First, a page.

Category Archives: Blog

Chocolate Milk: An Effective Recovery Drink for Athletes

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There is a bit of math required when it comes to choosing the right recovery drink after a tough workout. First, there’s the “power hour” — the 30 to 45 minutes after a workout that an athlete has to maximize both the timing and benefits for an effective recovery regimen.

Then there’s the ratio of carbs to protein to aim for when it comes to selecting sports recovery drinks. Athletes should aim for a 3:1 carb to protein ratio — a scientifically proven way to refuel exhausted muscles. Pre-mixed chocolate milk post workout provides this key ratio, giving it the protein advantage over water and some other commercial sports recovery drinks.

There are many additional benefits of consuming lowfat chocolate milk after strenuous workouts such as:

  • High-quality protein to stimulate muscle repair and growth
  • A 3:1 ratio of carbs to protein scientifically proven to replenish muscle glycogen (muscle fuel) quickly
  • Replenishes tired muscles
  • Provides fluids and electrolytes — like calcium, potassium, magnesium and sodium — to rehydrate and help replenish critical nutrients lost in sweat
  • Contains five bone-building nutrients: calcium, vitamin D, protein, phosphorus and potassium



Muscle soreness is a fact of life for an athlete. A great muscle recovery tip when you train hard is to drink lowfat chocolate milk post-sweat. Studies have found that those who drank regular or flavored milk after a rigorous workout experienced less exercise-induced muscle damage than those who drank typical sports drinks or water.1,2

After a tough workout, chocolate milk helps muscles recover quickly to their peak potential and helps replenish fluids and critical nutrients lost in sweat. Chocolate milk as part of proper post-workout nutrition can help to repair and rebuild damaged muscles. More than 20 studies support the benefits of recovering with the high-quality protein and nutrients in lowfat chocolate milk after a tough workout.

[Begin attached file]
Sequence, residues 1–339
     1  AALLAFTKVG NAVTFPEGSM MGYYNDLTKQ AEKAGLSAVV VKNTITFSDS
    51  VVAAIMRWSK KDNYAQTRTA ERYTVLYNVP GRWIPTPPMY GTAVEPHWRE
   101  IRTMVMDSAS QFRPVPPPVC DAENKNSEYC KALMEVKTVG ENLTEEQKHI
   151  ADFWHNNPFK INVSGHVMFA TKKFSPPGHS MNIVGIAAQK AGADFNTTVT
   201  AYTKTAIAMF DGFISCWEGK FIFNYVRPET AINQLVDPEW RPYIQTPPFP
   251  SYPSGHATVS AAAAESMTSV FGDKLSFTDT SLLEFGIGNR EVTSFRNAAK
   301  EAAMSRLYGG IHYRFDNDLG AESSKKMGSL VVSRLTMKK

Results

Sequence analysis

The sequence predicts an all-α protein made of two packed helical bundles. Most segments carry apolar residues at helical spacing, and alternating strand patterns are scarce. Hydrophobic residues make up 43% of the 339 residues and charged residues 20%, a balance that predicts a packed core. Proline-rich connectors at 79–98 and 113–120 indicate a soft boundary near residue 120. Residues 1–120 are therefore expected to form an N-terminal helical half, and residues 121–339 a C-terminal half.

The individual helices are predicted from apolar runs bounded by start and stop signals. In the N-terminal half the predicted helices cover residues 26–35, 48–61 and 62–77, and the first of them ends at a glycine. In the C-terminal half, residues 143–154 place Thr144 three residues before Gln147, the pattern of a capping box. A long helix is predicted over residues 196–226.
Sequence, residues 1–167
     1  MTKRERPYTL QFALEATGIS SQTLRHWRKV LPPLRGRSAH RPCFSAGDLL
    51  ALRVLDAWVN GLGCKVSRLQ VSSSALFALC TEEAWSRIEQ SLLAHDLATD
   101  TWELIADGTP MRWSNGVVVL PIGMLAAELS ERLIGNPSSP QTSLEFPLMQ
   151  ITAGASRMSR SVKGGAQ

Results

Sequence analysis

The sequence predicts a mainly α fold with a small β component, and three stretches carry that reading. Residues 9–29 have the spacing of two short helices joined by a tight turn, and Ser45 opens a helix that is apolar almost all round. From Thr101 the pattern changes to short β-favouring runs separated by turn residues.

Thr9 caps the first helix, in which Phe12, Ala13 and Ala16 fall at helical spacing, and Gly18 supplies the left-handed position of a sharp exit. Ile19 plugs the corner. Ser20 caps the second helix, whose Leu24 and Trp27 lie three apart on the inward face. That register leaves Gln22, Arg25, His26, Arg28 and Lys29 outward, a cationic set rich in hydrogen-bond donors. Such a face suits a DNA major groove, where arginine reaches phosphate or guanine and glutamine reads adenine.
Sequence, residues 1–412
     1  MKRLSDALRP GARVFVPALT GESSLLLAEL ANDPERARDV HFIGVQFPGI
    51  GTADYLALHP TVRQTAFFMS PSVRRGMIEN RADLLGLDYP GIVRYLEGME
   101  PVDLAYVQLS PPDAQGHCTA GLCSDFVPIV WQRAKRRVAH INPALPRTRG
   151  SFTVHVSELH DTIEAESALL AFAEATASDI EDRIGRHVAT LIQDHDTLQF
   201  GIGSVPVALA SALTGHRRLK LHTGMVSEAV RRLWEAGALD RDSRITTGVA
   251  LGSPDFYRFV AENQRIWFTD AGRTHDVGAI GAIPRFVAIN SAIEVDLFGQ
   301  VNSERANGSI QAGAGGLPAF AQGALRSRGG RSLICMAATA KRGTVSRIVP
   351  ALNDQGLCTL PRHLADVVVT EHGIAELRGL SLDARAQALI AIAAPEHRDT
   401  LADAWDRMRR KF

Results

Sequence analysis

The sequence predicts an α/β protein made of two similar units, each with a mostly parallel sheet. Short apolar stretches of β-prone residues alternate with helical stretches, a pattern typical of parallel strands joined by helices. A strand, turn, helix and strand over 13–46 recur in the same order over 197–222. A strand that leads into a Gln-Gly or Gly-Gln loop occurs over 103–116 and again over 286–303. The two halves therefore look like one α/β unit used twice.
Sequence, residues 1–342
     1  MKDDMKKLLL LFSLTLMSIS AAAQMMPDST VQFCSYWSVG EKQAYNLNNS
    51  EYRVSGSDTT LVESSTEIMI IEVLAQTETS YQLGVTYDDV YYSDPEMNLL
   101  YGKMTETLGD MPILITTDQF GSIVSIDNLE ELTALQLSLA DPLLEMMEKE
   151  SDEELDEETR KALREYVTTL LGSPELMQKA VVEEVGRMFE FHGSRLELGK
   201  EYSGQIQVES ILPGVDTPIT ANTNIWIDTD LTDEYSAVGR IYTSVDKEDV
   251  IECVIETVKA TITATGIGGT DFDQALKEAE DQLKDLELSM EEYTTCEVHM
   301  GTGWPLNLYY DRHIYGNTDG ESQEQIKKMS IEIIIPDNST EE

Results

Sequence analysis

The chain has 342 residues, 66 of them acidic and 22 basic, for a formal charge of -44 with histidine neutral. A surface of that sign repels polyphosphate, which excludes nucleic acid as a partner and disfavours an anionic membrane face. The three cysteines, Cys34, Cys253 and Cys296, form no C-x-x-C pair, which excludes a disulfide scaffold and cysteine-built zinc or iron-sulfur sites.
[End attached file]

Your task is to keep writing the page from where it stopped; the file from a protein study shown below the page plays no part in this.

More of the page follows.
In one recent study, post-exercise muscle biopsies in eight moderately trained male runners showed improved muscle building after drinking 16 ounces of fat-free chocolate milk compared to when they drank a carbohydrate-only sports recovery drink with the same amount of calories. This enhancement is a sign that muscles were better able to repair and rebuild.1



Some studies suggest drinking lowfat chocolate milk after a strenuous workout could help athletes boost power and even improve training times in their next bout of exercise later that same day, compared to when they drink a carbohydrate sports drink.

An Indiana University study found endurance-trained cyclists who drank lowfat chocolate milk after an intense period of cycling were able to work out longer and with more power during a second exercise period compared to when they drank a commercial carbohydrate replacement drink. They also exercised just as long as when they consumed a traditional fluid replacement drink.2



Drinking lowfat chocolate milk after a workout is a great way for athletes to get proper post-workout nutrition and to begin the sports recovery process. Tough exercise regimens require athletes to pay close attention to diet, and there are many benefits of chocolate milk consumption after a workout. As part of a proper post-workout nutrition plan, it is imperative to replenish depleted muscles. Chocolate milk contains nine essential nutrients, including some not typically found in many sports recovery drinks, including:

  • Electrolytes including calcium, potassium, sodium and magnesium.
  • Fluids to rehydrate.
  • Protein to repair and rebuild muscles.
  • B Vitamins for energy.
  • Calcium, vitamin D, phosphorus, protein and potassium to build and maintain strong bones and reduce the risk for stress factors.
  • Vitamin A to support a healthy immune system and normal vision.


1  Lunn WR, Colletto MR, Karfonta KE, Anderson JM, Pasiakos SM, Ferrando AA, Wolfe RR, Rodriguez NR. Chocolate milk consumption following endurance exercise affects skeletal muscle protein fractional synthetic rate and intracellular signaling. Medicine & Science in Sports & Exercise. 2010;42:S48.

2 Karp JR, Johnston JD, Tecklenburg S, Mickleborough TD, Fly AD, Stager JM. Chocolate milk as a post-exercise recovery aid. International Journal of Sport Nutrition and Exercise Metabolism. 2006;16:78-91.

Sourcing Vendors Survey Results